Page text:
Implantable cardioverter defibrillators - Translating evidence from randomized clinical trials to routine clinical practice
J.B. (Hans) van Rees
Promotores: Prof. dr. M.J. Schalij, Prof. dr. J.J. Bax
30 januari 2014
Guidelines for ICD implantation are primarily based on data of randomized clinical trials and the current thesis evaluates the effects of these guidelines on routine clinical practice. As demonstrated earlier ICD treatment is superior to medical therapy in the prevention of sudden cardiac death in a selected population. However, patients included in the clinical trials have different characteristics than patients in the real world because of the strict inclusion criteria used in the trials. Inevitably, this leads to disparities between the studied population and routine clinical practice and can affect the established survival benefit of ICD therapy. Consequently, it is necessary to assess ICD patients outside the setting of a clinical trial and compare the findings with data of randomized clinical trials. This thesis comprised several studies about ICD patients in routine clinical practice and assessed several aspects of primary and secondary prevention ICD patients including long-term follow-up, safety and risk stratification. Also, ICD patients were identified who do not benefit from ICD therapy and a risk model for death without appropriate ICD therapy was created.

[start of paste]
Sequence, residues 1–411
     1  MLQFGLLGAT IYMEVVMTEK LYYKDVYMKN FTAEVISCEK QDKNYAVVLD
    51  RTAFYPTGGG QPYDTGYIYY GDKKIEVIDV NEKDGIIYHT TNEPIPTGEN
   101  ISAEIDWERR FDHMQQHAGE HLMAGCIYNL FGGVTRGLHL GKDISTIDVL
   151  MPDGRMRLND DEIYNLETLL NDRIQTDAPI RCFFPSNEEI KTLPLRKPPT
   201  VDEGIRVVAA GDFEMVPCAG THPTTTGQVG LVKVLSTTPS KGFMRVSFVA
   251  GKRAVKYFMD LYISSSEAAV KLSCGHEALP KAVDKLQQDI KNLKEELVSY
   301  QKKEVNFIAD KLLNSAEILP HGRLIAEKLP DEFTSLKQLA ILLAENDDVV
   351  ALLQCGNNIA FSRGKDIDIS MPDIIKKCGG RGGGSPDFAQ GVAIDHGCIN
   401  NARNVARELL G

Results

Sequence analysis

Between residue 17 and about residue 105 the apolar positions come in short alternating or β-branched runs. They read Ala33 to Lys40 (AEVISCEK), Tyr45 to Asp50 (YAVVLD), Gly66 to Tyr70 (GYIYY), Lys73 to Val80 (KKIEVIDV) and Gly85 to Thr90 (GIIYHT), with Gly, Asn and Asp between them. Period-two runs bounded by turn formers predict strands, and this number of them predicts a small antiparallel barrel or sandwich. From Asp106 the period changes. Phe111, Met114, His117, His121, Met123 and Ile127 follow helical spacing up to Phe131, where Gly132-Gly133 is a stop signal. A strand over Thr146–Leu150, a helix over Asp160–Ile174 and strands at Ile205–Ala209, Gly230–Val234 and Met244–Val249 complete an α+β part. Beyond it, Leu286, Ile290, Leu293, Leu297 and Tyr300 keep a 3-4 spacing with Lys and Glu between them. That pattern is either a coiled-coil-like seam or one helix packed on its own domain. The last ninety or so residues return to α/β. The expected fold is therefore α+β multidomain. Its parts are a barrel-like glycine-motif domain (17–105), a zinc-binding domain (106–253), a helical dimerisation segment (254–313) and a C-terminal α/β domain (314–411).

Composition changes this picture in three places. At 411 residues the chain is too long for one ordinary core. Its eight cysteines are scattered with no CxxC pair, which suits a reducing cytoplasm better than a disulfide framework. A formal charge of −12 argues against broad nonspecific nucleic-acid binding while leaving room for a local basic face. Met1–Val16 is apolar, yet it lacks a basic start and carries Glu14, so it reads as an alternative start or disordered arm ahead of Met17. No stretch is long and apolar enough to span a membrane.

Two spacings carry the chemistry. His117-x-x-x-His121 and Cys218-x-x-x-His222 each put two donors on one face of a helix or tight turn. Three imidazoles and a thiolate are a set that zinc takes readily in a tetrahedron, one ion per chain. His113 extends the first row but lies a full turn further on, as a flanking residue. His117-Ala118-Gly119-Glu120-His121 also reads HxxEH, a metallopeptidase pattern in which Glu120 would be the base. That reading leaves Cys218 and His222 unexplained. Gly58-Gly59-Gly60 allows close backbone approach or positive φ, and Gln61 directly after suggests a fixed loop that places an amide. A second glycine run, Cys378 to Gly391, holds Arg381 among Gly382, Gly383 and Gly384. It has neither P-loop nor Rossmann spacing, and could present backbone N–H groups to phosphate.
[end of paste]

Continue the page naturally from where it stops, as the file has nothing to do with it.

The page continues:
Intramyocardial bone marrow cell injection: Clinical and functional effects in ischemic heart disease
Jan van Ramshorst
Promotor: prof. dr. M.J. Schalij, copromotor: prof. dr. D.E. Atsma
2 april 2014
Coronary artery disease is a major cause of mortality and morbidity in the western world. Despite successive revascularization procedures, a large number of patients ends up with end-stage coronary artery disease, not amenable for conventional revascularization. These patients often have stress-inducible myocardial ischemia, resulting in disabling complaints of angina, refractory to medical treatment. Intramyocardial bone marrow cell injection is currently under investigation as a new therapeutic option for these patients. This treatment aims to improve myocardial perfusion and contractile function (and decrease anginal complaints) through administration of bone marrow cells into ischemic myocardium.
In the current thesis, the use of intramyocardial bone marrow cell injection for the treatment of chronic myocardial ischemia is evaluated several studies. First, the results of a randomized, placebo controlled, double-blinded trial are described, demonstrating that bone marrow cell injection is associated with a reduction in angina complaints, improved myocardial perfusion and increased left ventricular function. Furthermore, the effects of intramyocardial bone marrow cell injection were further explored by evaluating changes in diastolic function, cardiac innervation, and left ventricular synchronicity. In addition, the long term effects of bone marrow cell injection are described.